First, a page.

Book Review: Son of Hamas

son-of-hamas_3The Palestinian, Mosab Hassan Yousef describes himself as “a son of that region and of that conflict … a child of Islam and the son of an accused terrorist … a follower of Jesus.” A native of West Bank region of Israel, memories of the massive graveyard in his town and his father’s devotion to Islam tug at his thoughts. Politics and violence entered the fray. To fight Israeli occupation and to establish some kind of order in their chaotic Palestinian society, in 1986, when Yousef was eight years old, his father and six others formed the radical Islamic group Hamas.

As a youth, Yousef threw rocks to establish himself as the son of a Hamas leader, yet he later kept himself from the battle, witnessing firsthand the struggles of his family. He saw the ascent and arming of Hamas, and the subsequent clashes and battles that ensued. His writing looms with a heavy frustration and grief at the difficulty of life in the Palestinian territories. His eyes saw the pointlessness of the Hamas organization. He writes, “In short, we were becoming our own worst enemies.”

At eighteen years old, Yousef was arrested. He describes in details his prison time and the injustices he witnessed. Hoping for pardon, he agreed to become an agent for Shin Bet, the Israeli security service. Initially his plan was to turn on the Israelis at his first opportunity. However, after witnessing the cruelty of his own Hamas cohorts toward each other behind razor-wire fencing, he began to rethink his position.  When he was released from prison he went undercover, rising in the ranks of Hamas while collecting intelligence to help bring it to an end. He prevented assassinations, stopped suicide attacks and provided information leading to the arrests or killings of many terrorists.  It was during this time (from 1997-2007), that he remarkably met Jesus.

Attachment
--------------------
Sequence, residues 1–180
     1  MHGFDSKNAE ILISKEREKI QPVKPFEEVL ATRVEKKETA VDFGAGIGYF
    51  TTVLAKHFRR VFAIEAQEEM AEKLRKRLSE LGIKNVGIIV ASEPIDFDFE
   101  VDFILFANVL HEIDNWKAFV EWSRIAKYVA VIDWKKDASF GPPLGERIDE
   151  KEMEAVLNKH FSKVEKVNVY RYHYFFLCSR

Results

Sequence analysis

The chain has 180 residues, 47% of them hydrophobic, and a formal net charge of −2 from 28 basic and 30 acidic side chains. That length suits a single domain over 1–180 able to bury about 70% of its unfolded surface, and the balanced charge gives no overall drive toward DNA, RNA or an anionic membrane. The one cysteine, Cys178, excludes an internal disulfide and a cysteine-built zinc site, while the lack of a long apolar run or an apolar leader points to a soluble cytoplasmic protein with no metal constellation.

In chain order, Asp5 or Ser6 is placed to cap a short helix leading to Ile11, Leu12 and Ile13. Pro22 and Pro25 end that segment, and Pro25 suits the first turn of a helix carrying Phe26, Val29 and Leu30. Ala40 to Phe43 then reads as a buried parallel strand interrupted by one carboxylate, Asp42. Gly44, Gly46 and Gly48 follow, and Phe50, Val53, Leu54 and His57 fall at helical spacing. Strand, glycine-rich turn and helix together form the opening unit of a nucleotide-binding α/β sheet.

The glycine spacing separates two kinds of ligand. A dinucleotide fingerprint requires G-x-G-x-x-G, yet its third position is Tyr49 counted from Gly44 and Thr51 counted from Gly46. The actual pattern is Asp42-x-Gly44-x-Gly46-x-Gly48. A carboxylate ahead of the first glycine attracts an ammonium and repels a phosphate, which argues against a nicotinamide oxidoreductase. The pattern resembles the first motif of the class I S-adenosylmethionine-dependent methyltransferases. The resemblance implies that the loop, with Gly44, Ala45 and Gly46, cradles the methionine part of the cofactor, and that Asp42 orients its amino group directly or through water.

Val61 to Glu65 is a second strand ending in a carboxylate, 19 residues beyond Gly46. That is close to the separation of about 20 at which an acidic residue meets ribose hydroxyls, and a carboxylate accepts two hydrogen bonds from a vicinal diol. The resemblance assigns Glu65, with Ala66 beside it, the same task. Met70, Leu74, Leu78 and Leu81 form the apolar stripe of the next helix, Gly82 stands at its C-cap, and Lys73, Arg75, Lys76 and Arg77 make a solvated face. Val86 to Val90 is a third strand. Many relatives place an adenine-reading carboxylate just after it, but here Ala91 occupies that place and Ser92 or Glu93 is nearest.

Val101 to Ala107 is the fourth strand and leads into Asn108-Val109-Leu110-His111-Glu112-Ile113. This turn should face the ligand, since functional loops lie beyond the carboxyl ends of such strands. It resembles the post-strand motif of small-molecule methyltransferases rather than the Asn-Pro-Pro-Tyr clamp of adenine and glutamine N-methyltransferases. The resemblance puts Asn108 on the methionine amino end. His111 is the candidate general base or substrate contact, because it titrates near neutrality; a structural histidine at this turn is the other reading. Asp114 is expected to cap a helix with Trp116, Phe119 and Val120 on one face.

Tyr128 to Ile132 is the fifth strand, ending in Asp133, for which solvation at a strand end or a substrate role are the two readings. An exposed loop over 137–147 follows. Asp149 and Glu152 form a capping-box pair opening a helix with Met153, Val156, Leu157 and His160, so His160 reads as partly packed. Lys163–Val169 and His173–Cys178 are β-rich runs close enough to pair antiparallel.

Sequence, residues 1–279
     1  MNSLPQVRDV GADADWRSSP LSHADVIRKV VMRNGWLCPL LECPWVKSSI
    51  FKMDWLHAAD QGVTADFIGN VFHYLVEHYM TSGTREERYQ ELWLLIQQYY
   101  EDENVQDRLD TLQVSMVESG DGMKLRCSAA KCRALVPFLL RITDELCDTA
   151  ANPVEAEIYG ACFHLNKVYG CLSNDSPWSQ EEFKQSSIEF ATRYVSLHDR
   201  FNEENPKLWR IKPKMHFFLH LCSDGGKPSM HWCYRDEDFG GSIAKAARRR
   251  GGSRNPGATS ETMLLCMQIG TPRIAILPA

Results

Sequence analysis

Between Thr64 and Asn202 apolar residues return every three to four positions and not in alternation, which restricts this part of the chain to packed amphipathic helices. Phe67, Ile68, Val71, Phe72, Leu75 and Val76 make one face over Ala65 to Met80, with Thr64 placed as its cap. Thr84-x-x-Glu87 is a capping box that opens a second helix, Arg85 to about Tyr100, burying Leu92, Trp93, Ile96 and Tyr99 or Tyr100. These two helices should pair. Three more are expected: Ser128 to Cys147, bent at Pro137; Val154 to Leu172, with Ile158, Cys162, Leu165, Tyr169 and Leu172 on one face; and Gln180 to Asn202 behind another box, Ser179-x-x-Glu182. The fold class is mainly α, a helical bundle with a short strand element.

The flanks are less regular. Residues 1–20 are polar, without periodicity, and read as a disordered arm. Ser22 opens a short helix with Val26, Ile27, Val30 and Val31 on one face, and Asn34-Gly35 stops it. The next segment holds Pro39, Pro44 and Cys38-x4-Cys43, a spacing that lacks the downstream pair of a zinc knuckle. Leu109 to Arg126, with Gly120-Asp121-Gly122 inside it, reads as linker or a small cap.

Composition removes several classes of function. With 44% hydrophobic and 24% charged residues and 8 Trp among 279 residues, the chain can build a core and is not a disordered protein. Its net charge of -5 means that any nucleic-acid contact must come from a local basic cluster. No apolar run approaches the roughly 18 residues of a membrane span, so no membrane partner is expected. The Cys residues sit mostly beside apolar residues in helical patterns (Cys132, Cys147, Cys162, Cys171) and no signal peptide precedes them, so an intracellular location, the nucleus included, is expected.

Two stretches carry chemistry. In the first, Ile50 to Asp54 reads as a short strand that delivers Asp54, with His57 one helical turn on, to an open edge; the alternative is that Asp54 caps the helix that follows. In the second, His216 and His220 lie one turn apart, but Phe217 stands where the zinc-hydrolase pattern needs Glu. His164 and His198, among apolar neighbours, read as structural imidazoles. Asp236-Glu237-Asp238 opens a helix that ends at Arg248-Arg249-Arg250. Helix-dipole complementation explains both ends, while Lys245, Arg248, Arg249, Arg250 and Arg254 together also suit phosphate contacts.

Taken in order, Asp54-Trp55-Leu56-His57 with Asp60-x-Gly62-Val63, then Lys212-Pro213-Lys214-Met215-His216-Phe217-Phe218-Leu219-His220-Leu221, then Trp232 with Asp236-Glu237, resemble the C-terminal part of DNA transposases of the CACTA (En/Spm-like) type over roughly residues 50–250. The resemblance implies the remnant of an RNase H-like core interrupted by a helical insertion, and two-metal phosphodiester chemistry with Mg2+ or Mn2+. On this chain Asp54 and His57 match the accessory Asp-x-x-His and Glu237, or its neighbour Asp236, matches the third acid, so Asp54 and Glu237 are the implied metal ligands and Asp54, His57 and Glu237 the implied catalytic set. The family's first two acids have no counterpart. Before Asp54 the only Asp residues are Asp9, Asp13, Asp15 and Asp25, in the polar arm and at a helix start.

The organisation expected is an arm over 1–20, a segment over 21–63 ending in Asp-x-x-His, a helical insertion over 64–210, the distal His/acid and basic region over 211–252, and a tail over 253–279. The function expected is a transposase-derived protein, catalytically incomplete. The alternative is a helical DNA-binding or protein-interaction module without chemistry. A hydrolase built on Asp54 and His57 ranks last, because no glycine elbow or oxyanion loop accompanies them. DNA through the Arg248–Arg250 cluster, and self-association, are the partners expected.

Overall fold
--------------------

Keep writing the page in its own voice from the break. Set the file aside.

God saw to it that in 1999 he had a encounter with a British visitor who invited Yousef to learn about the Christianity. Yousef took this opportunity and was blown away by the difference between Jesus Christ and Mohammed, between the Christian faith and the Islam of his people. In the months that followed he slowly converted to Christianity and was baptized.

Son of Hamas is extremely helpful in creating empathy. Yousef honestly speaks about his early hatred of Israel, something that would naturally occur in the tornado of cultural violence and poverty. However now spending time with Israeli Jews in the form of the Shin Bet, and the change of heart that comes from meeting Jesus, he saw that these enemies of his were actually just people like him. What we in the West may think of as a “good guy/bad guy” conflict, through mysterious headlines and statistics, becomes men and women struggling not against one another, but against ideology. Yousef articulates it to his Israeli security friends: “‘We’re fighting a war that can’t be won with arrests, interrogations, and assassinations. Our enemies are ideas, and ideas don’t care about incursions and curfews. We can’t blow up an idea with a [tank]. You are not our problem, and we are not yours. We’re all like rats trapped in a maze.'”